SURFER BLOOD + TERRY MALTS @ THE HI HAT
Photos by Patrick Do Words by Madison Desler
In 2010, iPads first debuted, Lady Gaga stepped out in her infamous meat dress, and Surfer Blood were darlings of the indie music world thanks to their head-banging, shout-along anthem “Swim.” The success of their debut LP, Astro Coast, solidified their status and poised them for greatness. While the intervening years haven’t been the kindest to the high school friends from Florida—dropped criminal charges, a fallout with Warner Brothers, and the tragic death of guitarist and co-writer Thomas Fekete—they’ve continued to churn out surfy, washed-out music with just enough edge.
With a relatively new guitarist—Mike McCleary—and an even newer bass player—Lindsey Mills—frontman John Paul Pitts and drummer Tyler Schwarz have jump-started things once again with Snowdonia. The new LP was at the center of their setlist last night at the Hi Hat in Highland Park, with confident, melodic cuts like “Frozen” and “Matter Of Time” getting the crowd just as hyped as any of the favorites off their debut.
Their alt-surf, guitar-heavy sound is bulkier live—the force of “Miranda” and “Instant Doppelgängers” a departure from the restraint of the recorded versions. It was during “Floating Vibes,” that Mills and Pitt really started to play off each other, locking in as McCleary noodled around on top. The hi-hat heavy, dance vibes of “Take It Easy” provided a high point, with Pitts climbing down from the stage and crawling underneath it, singing the Vampire Weekend-esque melody completely out of sight, while the dedication of the angsty rave-up “Six Flags In F or G” to Fekete served as a poignant reminder of just how far this band has come.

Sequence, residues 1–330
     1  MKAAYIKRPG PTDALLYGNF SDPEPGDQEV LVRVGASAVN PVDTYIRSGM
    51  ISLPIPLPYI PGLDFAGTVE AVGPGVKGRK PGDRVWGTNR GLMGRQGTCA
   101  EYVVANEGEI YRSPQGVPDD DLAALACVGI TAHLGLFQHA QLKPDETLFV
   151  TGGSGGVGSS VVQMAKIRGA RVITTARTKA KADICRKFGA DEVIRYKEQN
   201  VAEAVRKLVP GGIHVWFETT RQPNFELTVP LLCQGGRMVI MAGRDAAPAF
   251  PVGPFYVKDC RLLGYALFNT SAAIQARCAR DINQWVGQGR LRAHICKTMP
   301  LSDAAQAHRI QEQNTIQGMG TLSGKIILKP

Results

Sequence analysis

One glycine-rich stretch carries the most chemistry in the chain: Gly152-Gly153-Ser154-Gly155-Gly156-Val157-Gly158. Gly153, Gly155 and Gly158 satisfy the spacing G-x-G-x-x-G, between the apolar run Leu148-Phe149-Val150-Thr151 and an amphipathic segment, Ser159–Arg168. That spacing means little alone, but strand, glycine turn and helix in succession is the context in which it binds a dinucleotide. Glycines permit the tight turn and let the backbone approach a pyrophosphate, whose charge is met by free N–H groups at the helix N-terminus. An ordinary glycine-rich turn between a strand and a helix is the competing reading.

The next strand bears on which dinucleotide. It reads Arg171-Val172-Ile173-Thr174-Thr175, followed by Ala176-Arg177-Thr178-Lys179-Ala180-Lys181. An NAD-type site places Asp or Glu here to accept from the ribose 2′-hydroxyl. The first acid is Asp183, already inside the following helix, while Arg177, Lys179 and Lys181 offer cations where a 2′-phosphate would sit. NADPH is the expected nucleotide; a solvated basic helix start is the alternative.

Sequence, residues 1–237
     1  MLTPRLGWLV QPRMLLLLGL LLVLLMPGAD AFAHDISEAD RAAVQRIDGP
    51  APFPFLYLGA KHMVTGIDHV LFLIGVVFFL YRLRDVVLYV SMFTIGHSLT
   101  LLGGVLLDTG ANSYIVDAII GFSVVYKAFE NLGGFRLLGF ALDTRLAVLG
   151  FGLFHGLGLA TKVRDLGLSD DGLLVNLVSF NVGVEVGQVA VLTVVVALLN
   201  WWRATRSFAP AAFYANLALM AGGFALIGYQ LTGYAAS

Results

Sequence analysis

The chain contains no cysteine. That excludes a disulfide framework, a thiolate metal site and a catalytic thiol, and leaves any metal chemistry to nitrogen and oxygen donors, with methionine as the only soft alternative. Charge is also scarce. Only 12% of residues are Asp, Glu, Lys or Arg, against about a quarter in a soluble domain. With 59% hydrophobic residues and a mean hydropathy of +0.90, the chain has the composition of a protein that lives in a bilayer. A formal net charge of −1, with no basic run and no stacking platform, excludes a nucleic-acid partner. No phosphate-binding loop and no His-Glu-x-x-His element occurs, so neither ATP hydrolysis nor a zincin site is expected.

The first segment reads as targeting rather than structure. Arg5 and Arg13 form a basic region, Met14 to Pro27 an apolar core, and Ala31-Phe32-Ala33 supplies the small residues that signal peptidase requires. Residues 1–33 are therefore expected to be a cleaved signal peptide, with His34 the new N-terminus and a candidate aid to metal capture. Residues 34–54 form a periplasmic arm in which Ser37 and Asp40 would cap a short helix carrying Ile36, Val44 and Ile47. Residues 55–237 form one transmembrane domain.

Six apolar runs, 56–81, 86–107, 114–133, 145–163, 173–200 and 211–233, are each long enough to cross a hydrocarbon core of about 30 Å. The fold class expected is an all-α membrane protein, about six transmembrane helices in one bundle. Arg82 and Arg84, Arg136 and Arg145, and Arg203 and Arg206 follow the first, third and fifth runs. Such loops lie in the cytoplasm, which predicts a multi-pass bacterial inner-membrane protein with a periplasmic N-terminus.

By the time the band counted off “Swim,” the crowd was already waiting for it, letting loose their appreciate shouts as three girls joined them on stage. As they danced around with Mills and Surfer Blood went into the song’s monster chorus, the good vibes and hyped crowd made the brisk January night feel like as good a time as any for a fresh start.
The show was opened by Terry Malts, who cracked plenty of jokes in between a selection of covers and their own high-energy “chainsaw-pop.”